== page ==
Destination: Cook Islands

Cook Islands Cook Islands Cook Islands Cook Islands Cook Islands Cook Islands
Cook Islands

The Cook Islands consists of 15 islands scattered over some 772 square miles of the Pacific Ocean.

It was during the Great Polynesian Migration (which began about 1500BC), that our ancestors first arrived on these islands.  Their giant double-hulled canoes - ‘Vaka’s’ - guided by the stars and the power of ancient Polynesian navigation, arrived here approximately 800AD.  It is said that Chief Toi arrived in the Cook Islands during the original migration.  Toi presided over the creation of a grand road, built of coral, laird through the inland swamps.  This all-weather road is still in existence despite being almost 1000 years old.  Now tar sealed, it lies inland and is called the Ara Metua.

The first Europeans were the Spanish explorers Alvaro de Mendana, who sighted Pukapuka in 1595 and Pedro Fernandez de Quiros who sighted Rakahanga in 1606.

There was no further European contact until over 160 years later in 1773 when Captain James Cook, for whom the island group was eventually named, sighted Manuae atoll which he named Hervey Island.  On a later voyage, he also discovered Palmerston, Takutea, Mangaia and Atiu in 1777.

The Cook Islands become a favorite stop for whalers in the 1850s, the British flag was raised in 1888 at which time Aitutaki and Rarotonga were included in the boundaries of New Zealand.

Today, an international airport in Rarotonga handles daily connections from several destinations including the US.

15 islands in the heart of the South Pacific spread over 850,000 square miles with a population of approximately 15,000. The Islands most visited are Rarotonga and Aitutaki which are only 140 miles apart


Closely linked in culture and language to the Maori in New Zealand, the Maohi of French Polynesia, the Rapuni of Easter Island and the Kanaka Maoli of Hawaii with about 87 per cent of Cook Islanders are Polynesian Cook Island Maori.

It is the natural charm of the Cook Island people that lures visitors in. Friendly, high-spirited and welcoming – they are the great entertainers of the Pacific and regarded as the best dancers and drummers in Polynesia. Festivals are an important part of the annual calendar, where the competition between the islands to produce the most outstanding performers is part of the national pride.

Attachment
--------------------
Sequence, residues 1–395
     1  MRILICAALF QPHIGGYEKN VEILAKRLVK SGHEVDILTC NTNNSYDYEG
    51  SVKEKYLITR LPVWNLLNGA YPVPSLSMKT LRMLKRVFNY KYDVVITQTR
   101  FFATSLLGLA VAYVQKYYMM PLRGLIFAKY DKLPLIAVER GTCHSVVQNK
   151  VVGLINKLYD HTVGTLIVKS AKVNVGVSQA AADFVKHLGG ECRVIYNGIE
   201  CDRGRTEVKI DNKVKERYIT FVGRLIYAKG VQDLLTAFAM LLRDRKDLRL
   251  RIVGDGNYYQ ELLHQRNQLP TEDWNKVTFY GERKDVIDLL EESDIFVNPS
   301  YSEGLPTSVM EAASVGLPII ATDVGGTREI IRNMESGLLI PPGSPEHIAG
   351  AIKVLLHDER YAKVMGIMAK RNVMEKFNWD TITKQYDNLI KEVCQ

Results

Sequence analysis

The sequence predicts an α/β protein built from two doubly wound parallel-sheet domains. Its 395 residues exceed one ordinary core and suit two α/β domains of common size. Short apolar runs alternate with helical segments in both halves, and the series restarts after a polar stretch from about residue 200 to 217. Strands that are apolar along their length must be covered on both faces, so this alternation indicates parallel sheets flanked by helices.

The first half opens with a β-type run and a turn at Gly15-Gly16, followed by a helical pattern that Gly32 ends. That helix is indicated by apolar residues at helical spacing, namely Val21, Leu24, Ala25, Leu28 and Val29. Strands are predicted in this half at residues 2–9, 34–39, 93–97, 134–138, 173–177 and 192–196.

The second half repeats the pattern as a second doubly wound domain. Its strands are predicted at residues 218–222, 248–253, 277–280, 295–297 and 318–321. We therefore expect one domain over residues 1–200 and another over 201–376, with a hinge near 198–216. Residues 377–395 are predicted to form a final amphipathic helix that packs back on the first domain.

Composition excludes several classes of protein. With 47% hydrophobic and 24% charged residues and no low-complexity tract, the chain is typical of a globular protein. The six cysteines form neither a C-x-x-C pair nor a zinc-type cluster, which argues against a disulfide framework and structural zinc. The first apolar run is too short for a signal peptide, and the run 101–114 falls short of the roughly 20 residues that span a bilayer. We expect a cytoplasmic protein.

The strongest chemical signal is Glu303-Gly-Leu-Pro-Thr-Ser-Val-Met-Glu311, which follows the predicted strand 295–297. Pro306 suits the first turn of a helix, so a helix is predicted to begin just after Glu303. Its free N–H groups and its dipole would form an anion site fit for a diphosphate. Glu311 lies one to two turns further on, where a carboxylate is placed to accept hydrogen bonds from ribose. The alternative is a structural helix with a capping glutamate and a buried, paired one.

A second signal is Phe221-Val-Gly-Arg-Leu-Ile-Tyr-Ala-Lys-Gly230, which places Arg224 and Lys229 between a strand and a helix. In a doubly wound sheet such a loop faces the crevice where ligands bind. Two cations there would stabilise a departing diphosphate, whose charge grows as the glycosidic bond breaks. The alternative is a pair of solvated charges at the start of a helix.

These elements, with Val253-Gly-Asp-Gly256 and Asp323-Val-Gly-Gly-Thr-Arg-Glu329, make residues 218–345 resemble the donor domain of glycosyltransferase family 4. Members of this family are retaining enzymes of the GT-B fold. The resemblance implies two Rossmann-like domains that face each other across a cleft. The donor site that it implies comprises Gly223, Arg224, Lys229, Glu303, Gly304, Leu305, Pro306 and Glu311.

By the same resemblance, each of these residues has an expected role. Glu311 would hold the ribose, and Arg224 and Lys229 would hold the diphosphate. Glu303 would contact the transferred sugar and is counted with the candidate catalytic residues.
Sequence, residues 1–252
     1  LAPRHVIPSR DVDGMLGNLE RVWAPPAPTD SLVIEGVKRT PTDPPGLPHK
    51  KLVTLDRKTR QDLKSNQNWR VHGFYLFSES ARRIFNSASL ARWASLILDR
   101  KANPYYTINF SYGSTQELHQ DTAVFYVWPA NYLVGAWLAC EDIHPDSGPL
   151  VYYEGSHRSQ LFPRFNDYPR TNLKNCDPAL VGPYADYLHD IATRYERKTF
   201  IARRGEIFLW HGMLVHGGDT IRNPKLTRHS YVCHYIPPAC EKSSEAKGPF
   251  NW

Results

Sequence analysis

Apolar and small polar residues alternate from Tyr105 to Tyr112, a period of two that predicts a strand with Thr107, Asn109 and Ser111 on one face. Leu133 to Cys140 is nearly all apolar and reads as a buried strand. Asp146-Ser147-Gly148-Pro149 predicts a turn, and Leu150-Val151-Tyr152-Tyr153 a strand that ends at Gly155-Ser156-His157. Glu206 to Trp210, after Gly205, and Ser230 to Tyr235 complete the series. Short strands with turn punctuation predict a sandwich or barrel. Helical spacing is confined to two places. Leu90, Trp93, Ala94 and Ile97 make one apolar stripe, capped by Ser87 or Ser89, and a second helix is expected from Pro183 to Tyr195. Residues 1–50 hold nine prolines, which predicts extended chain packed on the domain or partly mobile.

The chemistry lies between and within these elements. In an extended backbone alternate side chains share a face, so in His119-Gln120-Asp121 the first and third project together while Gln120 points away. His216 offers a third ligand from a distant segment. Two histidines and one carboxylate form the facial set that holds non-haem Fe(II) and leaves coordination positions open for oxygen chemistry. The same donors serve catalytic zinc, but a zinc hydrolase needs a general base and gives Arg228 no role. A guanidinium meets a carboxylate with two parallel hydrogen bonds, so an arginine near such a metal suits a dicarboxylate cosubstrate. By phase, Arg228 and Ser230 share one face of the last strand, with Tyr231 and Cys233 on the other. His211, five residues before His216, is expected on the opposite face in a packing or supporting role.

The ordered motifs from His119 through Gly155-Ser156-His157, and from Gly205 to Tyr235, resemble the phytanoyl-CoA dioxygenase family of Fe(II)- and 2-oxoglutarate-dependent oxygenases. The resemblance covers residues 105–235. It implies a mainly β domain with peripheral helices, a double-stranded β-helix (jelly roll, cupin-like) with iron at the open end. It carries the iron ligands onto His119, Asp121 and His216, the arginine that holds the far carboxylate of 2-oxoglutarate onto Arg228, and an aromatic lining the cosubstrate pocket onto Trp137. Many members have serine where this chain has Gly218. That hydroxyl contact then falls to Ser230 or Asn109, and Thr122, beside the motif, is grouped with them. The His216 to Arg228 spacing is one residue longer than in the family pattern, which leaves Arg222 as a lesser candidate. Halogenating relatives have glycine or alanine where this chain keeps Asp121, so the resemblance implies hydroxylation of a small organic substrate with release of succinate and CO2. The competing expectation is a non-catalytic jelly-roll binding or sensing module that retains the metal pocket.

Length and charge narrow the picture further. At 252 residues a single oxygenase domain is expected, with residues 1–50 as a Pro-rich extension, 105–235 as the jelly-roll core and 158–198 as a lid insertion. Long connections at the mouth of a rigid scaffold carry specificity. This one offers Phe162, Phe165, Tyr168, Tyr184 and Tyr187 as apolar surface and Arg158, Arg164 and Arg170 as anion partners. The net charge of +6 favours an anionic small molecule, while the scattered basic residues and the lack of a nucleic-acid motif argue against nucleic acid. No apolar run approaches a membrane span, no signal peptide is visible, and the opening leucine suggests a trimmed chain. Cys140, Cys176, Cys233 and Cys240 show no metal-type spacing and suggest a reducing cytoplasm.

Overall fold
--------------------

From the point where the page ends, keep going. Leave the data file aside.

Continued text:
Cook Islands Maori is the local language but everyone also speaks English.


Both Ru and Tangiia, from French Polynesia, are believed to have landed on Aitutaki and Rarotonga respectively around 800 AD. Written history of the Cooks began with the sighting of Pukapuka by the Spaniard Alvaro de Mendaa in 1595 followed by a landing on Rakahanga in 1606 by another Spanish explorer, Pedro Quiros.

In 1764 the British arrived off Pukapuka and named it Danger Island because they could not land. Between 1773 and 1779 Captain James Cook sighted and landed on many of the southern group but never came close to Rarotonga.

In 1789 Captain William Bligh landed on Aitutaki, while the first official European sighting of Rarotonga happened in 1813 by a missionary, John Williams. The first known landing occurred in 1814 with the crew of the Cumberland. Trouble broke out between the sailors and the Islanders and many were killed from both sides. The islands saw no more Europeans until missionaries arrived from England in 1821. Christianity quickly took hold in the culture and retains that grip today.

The Kingdom of Rarotonga was established in 1858 and became a British protectorate in 1888 per the request of Queen Makea Takau. She was attempting to avoid French expansionism. It became a New Zealand protectorate from 1901 until 1965 after which it became a self-governing territory in free association with New Zealand.

Today, the Cook Islands are essentially independent but are still officially placed under New Zealand sovereignty where it is tasked with overseeing the country’s foreign relations and defense.


The currency in the Cook Islands is the New Zealand dollar (NZ$), supplemented by notes and coinage for local use. The unique local coins and notes are not negotiable outside the Cook Islands, but are keenly sought by collectors worldwide.


The Cook Islands are a year round warm and sunny country. April to November is the drier months with June to August being the cooler months. November to March is the warmer humid season with the sporadic topical showers. It time of year is also cyclone season but they are not a regular occurrence so don’t be deterred.

Health Requirements

None except entering from a Yellow Fever area.

Visa Requirements

No visa required for US passport holders staying up to 31 days. A valid passport and a return ticket are required

Tipping & Porterage

Tipping is not encouraged in the Cook Islands. Tip with a smile and ‘meitaki ma’ata’ (thank you). Polynesian custom says that if you
give something for nothing, the person receiving will owe you - and that’s how a tip is perceived.

Bargaining can also be taken as an insult.

Credit Cards

Visa, MasterCard and Bankcard are accepted at most places on Rarotonga. American Express and Diners Club are accepted at more-expensive hotels and restaurants.


Both the New Zealand dollar and the Cook Islands dollar and is divided by 100 cents.
Coins: 1c, 2c, 5c, 10c, 20c, 50c, $1, $2, $5
Notes: $3, $10, $20, $50

Electrical Appliances

Voltage is 220 AC/50 cycle. If you are traveling from a part of the world where your appliances are 110v you will need a voltage transformer.


Drink bottled or boiled water only.

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Cook Islands

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